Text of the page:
Youth Hockey Myths Part 2: The 5 Worst Lies About Minor Hockey

Brad Hamacher is back to follow up on his popular first post outlining some of the harsh realities of our game in the minor hockey system, 5 Myths Standing in the Way of Youth Hockey.

Local League Games Don’t Matter

At some point someone started spreading the gospel that local league games are no longer important because “real teams” are only concerned about their national ​My Hockey Rankings position … a ranking for 10 year olds​. Upper ranked MHR teams refuse to play many teams as it negatively affects their math and ranking. Let me repeat that. Upper ranked teams refuse to play lower end teams. They make phone calls to tournaments and ask for guarantees that they will NOT be bracketed against any team below a certain MHR placement. If you don’t chuckle in some way over that, then this article probably doesn’t fit in your wheelhouse.

My Advice: I got nothin’ here. Speechless actually.

You Have To Showcase Young Players Constantly

Some CA teams at the AAA level made 14 trips last season. FOURTEEN TRIPS. Do you know how many additional scrimmages and extra practices and full time off ice trainers and full time nutritionists you could get for the expense of making 14 trips? Going along with a previous point in Part I of this series, parents are also convinced that from the earliest age, kids need “exposure”, particularly those of us in less traditional hockey areas. I’m still trying to figure out what exposure means – exposure to what? Ebola, chicken pox, bad airplane body odor?  I wonder if the two or three recent verbal NCAA D1 commits by 13 year old players​ is the driving force behind this zealous travel schedule. Or maybe it could be the handful of “scouting news” organizations that are profiling 25+ players per week on social media that are a whopping nine years old and every single one of them is a “can’t-miss prospect that will have NCAA D1 coaches and CHL scouts drooling”. Or one of my favorites this year “is a shoo-in for the NTDP”… in 7 years. Seems as legit as Russian hockey players’ birth certificates. Anyone notice Ovi’s grey hair at age 40… errrr I mean age 32?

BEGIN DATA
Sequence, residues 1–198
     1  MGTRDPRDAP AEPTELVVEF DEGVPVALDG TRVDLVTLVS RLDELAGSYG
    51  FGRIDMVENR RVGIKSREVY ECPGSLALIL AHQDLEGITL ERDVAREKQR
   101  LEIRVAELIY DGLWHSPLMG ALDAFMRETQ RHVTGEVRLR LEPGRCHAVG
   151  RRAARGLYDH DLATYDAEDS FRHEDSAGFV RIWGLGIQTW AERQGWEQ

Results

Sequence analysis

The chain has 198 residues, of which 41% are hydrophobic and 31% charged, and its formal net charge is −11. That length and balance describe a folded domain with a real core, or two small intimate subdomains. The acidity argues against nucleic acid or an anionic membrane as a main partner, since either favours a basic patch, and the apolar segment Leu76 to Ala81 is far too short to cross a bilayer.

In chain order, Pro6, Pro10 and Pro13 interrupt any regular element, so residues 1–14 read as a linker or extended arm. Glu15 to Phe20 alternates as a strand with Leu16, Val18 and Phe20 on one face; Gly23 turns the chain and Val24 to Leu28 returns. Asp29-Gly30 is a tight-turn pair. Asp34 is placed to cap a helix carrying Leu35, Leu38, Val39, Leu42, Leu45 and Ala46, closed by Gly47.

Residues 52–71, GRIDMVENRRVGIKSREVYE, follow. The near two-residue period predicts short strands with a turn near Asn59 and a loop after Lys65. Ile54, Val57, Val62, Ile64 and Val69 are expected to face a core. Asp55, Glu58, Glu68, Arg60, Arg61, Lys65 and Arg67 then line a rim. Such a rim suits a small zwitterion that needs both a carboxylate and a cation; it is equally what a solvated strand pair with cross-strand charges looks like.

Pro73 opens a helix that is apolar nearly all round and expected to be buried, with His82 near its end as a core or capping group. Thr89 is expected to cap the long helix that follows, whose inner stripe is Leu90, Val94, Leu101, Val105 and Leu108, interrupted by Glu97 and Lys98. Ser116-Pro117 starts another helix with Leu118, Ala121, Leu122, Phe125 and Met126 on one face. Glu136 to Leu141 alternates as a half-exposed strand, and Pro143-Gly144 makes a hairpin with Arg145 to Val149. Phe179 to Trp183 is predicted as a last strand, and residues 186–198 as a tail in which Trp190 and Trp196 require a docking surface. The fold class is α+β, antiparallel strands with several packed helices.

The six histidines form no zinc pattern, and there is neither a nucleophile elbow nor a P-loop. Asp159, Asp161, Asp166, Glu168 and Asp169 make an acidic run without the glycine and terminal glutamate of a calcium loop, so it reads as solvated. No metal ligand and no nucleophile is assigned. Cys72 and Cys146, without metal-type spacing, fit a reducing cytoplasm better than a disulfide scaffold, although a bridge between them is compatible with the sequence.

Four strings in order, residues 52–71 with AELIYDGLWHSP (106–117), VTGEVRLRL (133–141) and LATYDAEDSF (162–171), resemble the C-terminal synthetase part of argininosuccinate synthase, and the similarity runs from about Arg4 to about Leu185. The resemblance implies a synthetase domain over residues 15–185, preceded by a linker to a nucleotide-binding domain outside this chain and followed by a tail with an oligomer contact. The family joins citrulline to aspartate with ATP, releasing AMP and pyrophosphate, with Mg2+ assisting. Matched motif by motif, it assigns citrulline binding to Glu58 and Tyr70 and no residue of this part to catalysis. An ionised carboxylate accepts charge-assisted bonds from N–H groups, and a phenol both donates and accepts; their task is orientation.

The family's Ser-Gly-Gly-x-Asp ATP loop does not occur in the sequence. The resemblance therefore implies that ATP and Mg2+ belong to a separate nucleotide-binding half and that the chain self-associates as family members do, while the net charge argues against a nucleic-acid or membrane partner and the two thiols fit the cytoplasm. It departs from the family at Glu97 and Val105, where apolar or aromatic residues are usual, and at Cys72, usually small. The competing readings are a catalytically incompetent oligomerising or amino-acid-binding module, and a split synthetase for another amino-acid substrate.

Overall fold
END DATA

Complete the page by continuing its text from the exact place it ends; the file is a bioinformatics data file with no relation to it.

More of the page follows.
My Advice: Once again, exposure and future opportunities gain importance as players age/advance. The debate constantly surrounds the proper age. I am 100% positive that 9 or 11 or 13 years old is too late to be noticed. I alluded earlier in Part I that there is some value in Bantam AAA and hitting the exposure circuit. Here in the west, we have the Bantam Major WHL draft so that is one indicator. Additionally, if the U16 level is now the most scouted level in youth hockey, then a season in AAA prior to U16 allows players to prepare for the travel, pace, compete level, expectations, culture, and so on. As for the hockey propagandists, if everyone stopped subscribing, following, liking, and retweeting these organizations/sites/people, they would devolve where they belong and the hockey arms race would return to a more normal level.

Youth Teams Need an Entire Indoor Sheet of Ice to Practice

Players are lucky to get two shared and some kind of revolving/sporadic full ice practice every few weeks during the season. It isn’t enough. Period. A massive shortage of indoor ice has limited player development and raised prices significantly.

That said, be careful what you wish for.

Awhile back there was a multi-year powerful push to maximize ice space, have multiple teams on the ice at the same time, and utilize small area games and station-based practices. Originally it was presented and sold as just a better use of ice space and an efficient way to keep players moving on the ice as a way to combat the shortages. No doubt it​ has done a lot of good things from more touches, confidence in tight spaces, small area playmaking, etc. But it also has a time and place to be used. It can’t be the only thing we do.